Given such a disparity, McCarthy argues that the tax treatment of cohabiting couples is “ripe for review”.

A study from the OECD earlier this year found that single workers with no children are bearing the brunt of Ireland’s personal tax regime, and this is borne out yet again in our analysis.

For example, a cohabiting one-earner household with one child would benefit from a 9 per cent reduction in their ETR at €50,000, which is €4,500 a year, if they were to get married.

The difference in how much tax people pay is greatest at lower levels of income. A single person, for example, earning €25,000, will give up 13 per cent of their income in tax, or about €3,148 a year. On the other hand, our married couple with two earners – but the same income – will have to give up zero a year. And it doesn’t matter if this couple have children or not – their tax bill will still be zero.

This can affect a single person’s financial standing massively over the course of a lifetime. A married couple on this income – both of whom may only be working part-time – will have about €125,000 more in their bank accounts after 40 years, thanks to their zero tax bills. The single worker, on the other hand, faces a steep penalty for not being married.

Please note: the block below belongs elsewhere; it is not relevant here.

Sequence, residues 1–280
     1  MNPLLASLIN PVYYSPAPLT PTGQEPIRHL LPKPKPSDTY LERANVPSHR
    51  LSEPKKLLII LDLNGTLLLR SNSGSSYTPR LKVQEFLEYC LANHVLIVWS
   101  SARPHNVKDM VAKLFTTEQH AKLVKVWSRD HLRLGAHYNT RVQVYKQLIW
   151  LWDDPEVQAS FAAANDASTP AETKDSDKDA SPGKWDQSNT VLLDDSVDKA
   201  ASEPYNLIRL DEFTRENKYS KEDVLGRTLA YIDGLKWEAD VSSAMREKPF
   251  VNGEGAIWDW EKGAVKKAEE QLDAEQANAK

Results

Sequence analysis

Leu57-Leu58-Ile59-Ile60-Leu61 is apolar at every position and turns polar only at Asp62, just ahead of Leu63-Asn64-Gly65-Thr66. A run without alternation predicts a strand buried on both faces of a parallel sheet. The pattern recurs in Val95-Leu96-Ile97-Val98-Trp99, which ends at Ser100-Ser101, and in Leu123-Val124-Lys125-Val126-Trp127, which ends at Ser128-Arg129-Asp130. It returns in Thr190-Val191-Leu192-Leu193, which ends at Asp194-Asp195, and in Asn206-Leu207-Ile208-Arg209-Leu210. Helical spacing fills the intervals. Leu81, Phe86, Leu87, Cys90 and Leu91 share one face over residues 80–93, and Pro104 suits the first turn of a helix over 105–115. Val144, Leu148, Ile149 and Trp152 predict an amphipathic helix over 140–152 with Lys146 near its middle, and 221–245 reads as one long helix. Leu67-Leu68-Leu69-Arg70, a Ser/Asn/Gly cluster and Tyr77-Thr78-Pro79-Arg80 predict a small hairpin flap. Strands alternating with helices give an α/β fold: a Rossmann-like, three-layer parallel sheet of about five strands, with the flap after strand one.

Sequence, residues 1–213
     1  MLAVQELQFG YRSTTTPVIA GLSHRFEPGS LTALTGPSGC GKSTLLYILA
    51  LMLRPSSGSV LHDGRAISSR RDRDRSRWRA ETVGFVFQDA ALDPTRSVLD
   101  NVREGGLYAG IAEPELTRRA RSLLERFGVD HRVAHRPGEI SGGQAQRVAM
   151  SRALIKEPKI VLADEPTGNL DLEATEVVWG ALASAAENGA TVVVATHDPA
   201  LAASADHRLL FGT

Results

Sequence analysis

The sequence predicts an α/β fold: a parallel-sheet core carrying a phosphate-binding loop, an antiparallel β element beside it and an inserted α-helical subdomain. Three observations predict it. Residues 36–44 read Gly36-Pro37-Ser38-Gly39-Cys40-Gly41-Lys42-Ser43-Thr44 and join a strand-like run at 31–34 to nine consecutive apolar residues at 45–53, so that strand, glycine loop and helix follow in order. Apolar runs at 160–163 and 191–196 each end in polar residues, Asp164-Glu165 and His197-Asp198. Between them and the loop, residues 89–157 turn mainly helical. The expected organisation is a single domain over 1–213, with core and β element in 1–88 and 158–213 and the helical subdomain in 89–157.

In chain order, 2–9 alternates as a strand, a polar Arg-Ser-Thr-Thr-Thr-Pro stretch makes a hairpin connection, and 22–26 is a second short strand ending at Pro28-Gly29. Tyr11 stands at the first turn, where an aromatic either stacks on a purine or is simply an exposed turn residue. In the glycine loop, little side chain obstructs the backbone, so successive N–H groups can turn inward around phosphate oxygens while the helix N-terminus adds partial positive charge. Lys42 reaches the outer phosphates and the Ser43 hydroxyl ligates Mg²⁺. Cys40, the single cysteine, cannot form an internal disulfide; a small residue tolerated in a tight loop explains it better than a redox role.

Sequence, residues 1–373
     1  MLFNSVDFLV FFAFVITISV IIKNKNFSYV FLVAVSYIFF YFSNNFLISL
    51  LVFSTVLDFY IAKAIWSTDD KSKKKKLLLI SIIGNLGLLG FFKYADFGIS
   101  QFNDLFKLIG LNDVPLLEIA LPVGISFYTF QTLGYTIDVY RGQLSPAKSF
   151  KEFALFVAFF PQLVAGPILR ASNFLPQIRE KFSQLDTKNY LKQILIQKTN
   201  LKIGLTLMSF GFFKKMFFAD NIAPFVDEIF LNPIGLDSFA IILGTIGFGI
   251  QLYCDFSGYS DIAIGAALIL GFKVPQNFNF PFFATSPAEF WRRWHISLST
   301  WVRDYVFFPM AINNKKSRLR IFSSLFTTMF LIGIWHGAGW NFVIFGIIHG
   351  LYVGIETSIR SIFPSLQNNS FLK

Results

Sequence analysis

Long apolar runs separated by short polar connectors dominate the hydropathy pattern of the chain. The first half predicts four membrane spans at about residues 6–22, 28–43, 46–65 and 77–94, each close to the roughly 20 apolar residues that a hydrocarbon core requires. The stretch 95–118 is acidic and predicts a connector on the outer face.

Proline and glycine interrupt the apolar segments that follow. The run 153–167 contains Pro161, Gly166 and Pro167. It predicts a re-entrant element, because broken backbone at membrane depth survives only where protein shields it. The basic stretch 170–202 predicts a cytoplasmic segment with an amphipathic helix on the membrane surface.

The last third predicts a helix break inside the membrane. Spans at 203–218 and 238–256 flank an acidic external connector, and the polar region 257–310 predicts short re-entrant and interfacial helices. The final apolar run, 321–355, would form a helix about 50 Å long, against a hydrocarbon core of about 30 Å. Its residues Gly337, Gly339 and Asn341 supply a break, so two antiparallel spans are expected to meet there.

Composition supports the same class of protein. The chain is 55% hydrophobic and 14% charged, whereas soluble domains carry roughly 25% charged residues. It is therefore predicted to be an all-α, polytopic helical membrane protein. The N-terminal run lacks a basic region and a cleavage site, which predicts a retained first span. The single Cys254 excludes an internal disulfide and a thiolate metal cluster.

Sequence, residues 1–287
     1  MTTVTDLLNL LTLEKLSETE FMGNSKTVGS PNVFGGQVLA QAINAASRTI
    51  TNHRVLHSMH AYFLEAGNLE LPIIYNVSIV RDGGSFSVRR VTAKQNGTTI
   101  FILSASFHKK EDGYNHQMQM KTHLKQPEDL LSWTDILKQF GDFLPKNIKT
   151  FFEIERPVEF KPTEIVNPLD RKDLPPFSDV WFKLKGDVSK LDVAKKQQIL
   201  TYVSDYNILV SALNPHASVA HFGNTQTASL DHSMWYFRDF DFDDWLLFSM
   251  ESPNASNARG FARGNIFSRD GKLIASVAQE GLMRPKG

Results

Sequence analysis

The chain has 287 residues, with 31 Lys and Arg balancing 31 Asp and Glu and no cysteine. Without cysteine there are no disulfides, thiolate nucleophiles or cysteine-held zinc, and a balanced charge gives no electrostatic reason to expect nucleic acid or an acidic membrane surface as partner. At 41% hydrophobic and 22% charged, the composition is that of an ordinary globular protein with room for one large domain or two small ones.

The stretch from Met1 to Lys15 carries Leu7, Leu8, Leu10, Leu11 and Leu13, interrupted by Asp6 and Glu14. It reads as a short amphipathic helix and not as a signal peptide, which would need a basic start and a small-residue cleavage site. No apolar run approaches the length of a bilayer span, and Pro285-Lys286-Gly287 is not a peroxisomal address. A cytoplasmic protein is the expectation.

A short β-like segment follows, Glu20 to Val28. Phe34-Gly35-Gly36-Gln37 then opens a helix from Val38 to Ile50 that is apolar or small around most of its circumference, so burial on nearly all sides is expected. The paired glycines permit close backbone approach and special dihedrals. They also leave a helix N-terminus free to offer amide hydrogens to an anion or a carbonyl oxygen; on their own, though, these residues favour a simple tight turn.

A single person, or cohabiting couple with one income, earning €100,000 in total will give up €38,511 in tax a year. Our married couple with one earner, on the other hand, will only lose €35,061, while a married couple with two incomes will lose €28,301 a year. So, despite earning the same income, our single earner will pay €408,400 more in tax over 40 years – enough for them to have retired years earlier, perhaps.

“Cohabiting couples should not be disadvantaged compared with married and civil partners, and there’s a relatively easy fix there,” says McCarthy, noting that the 2010 Act on civil partnerships gives a legal definition for what constitutes a cohabiting couple. This definition could be used to grant cohabiting couples with one income the same tax benefits as married couples.

If a single person, or cohabiting couple with one income, have a child, then their finances – at least from a tax perspective – will improve

According to McCarthy, a particular anomaly is the lack of a home carer credit to cohabiting couples with children.